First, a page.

Gem County High Point Trip Report
Date: July 21, 2001
Note: Contrary to Bob Packard's write-up from August 2000, the highest contour is 7,960 feet and the
summit elevation is correct as far as I can tell.
Drive: Head north from SR 52 on a paved road (about 9 miles west of Horseshoe Bend) to the town of Ola.
At the south end of town, there is a church on the right - set odometer here (0.0 mile). There is a fork at the
north end of town - bear left (0.3 mile) on FR 618. The pavement ends soon. Just before FR 618 crosses
Squaw Creek on a bridge (5.4 miles) bear left up Squaw Creek's valley. At 11.1 miles, FR 618 will come
back in from the right - continue straight ahead. At 13.2 miles, bear right. Bear left at another junction
(16.2 miles) shortly after entering national forest land - you're still on FR 618.
At 21.1 miles, turn right onto FR 625.
Follow this easterly and northerly to the junction (26.8 miles) of FR 646, onto which you'll turn left.
You can follow this to its end (31.2 miles) in a large turnaround/parking area. However, I'd
recommend that you take the uphill fork left at 30.5 miles and follow it several hundred yards to where it is
closed (sign indicating no motor vehicles). You'll save some brush crashing.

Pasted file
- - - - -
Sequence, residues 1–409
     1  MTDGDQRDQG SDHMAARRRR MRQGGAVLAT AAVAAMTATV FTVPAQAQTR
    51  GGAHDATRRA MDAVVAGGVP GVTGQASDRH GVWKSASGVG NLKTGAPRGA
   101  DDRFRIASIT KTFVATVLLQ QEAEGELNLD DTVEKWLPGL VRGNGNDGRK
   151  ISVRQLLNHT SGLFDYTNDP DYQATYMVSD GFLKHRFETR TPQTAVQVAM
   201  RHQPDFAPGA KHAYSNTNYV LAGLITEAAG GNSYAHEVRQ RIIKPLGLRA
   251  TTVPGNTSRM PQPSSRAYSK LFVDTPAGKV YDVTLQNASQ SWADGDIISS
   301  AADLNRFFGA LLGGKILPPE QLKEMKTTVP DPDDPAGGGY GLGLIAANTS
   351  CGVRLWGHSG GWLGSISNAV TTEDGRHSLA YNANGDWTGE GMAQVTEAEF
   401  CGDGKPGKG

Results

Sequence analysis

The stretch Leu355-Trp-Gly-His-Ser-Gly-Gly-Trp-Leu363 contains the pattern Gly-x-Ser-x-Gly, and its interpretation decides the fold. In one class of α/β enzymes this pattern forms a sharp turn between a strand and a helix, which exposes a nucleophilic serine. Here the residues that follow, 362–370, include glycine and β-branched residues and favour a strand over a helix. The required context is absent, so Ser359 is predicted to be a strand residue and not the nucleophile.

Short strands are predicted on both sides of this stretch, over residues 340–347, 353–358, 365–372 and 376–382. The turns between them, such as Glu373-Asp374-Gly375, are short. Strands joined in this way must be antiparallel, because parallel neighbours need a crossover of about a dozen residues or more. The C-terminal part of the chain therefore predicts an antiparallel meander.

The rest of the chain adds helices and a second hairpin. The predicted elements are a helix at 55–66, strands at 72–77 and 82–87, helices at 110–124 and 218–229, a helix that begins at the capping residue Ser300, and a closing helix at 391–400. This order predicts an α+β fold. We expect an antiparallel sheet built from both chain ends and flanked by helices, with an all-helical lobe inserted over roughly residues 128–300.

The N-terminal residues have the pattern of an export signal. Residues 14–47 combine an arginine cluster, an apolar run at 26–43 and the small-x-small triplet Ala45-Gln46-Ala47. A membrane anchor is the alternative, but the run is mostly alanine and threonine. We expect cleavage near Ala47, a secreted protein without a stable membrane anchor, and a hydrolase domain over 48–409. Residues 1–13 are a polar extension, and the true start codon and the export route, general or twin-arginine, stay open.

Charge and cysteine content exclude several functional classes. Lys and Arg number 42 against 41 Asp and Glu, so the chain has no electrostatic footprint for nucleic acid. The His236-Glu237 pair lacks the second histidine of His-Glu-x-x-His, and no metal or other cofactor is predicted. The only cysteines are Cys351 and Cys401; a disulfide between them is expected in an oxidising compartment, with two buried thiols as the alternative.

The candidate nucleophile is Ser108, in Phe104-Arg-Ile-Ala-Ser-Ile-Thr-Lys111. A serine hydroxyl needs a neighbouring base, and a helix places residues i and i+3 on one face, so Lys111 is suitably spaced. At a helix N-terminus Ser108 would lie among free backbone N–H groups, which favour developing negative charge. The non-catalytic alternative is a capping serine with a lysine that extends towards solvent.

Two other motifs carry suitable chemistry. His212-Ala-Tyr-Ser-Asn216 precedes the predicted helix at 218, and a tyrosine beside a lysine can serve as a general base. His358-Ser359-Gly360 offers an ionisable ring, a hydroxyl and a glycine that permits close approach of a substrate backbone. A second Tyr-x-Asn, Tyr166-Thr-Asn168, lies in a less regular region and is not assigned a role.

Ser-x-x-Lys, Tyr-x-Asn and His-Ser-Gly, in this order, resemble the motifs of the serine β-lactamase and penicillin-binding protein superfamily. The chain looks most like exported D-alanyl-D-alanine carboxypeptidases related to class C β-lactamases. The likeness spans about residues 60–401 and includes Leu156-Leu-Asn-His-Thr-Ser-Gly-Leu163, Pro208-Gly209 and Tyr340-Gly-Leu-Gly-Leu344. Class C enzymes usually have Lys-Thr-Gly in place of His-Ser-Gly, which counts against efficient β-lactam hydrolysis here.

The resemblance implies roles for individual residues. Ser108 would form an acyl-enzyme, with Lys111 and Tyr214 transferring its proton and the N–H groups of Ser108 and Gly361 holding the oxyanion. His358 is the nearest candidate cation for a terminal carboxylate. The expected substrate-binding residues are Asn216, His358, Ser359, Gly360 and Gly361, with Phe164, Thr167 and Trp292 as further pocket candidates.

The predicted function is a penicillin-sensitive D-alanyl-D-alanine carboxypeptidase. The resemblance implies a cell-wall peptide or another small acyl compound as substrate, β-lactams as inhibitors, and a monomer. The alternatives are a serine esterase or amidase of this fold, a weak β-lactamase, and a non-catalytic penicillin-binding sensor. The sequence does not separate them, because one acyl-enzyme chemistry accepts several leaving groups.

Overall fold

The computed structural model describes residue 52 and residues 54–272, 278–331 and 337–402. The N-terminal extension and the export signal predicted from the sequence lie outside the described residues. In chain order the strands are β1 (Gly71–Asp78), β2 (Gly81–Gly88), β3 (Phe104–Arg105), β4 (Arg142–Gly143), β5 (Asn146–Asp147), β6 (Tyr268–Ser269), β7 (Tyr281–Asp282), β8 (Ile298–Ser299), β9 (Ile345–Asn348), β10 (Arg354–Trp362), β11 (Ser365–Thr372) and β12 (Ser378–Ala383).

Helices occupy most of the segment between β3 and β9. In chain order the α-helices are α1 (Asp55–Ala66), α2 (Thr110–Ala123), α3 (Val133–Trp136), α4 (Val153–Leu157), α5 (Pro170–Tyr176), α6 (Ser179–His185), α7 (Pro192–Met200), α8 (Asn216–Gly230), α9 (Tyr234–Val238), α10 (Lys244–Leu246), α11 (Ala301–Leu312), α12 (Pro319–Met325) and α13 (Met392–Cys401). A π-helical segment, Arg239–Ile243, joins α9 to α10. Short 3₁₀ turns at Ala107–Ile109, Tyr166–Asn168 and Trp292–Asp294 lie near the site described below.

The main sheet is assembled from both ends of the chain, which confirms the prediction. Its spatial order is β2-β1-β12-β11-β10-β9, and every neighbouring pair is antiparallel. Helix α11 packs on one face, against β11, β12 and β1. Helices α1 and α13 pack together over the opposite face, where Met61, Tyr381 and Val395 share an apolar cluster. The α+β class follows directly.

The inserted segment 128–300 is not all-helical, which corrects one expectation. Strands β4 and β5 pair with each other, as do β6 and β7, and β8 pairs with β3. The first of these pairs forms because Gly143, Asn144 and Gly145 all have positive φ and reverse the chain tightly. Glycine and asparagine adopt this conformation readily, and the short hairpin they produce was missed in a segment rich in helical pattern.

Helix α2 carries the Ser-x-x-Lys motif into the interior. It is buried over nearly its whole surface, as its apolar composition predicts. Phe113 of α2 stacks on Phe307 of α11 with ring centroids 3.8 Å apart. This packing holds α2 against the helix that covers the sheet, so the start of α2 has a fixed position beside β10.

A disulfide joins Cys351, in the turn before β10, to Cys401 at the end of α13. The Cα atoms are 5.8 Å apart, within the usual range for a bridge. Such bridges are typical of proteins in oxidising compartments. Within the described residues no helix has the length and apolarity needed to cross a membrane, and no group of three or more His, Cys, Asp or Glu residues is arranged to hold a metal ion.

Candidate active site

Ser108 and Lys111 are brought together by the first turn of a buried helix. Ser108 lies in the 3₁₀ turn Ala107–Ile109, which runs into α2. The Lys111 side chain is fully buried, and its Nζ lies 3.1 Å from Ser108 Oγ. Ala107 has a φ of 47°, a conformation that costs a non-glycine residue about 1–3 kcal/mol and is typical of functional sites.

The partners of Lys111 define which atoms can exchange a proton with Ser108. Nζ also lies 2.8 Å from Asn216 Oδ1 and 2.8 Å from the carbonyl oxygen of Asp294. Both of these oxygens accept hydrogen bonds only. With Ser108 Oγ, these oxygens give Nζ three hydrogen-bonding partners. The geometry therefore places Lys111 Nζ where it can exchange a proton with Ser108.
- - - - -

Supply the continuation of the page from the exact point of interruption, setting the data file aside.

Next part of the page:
All roads were passenger-car passable.
Hike: Follow the closed road to its end on the west bank of Poison Creek at about 6000 feet. Cross the
creek and pick up a trail on the other side. This area is heavily populated by cattle, and there are many trails.
I followed what I felt was the main trail, never crossing the main creek, up to about 7200 feet.
There were a number of unclear junctions
and faint sections of trail; I'm not sure I could retrace my steps today. But with
a map and some woods sense, you shouldn't have much trouble. I left the trail at 7200 feet and headed
north, meeting the mapped trail (an ATV route) NW of point 7357 feet. From here I briefly followed the
trail NW to its crest, then took off cross-country to the summit. I found Bob Packard's register there;
nobody else had signed in since Bob left it nearly a year earlier.
Round trip statistics: 4 miles, 2200 feet of gain.
Author: Ken Jones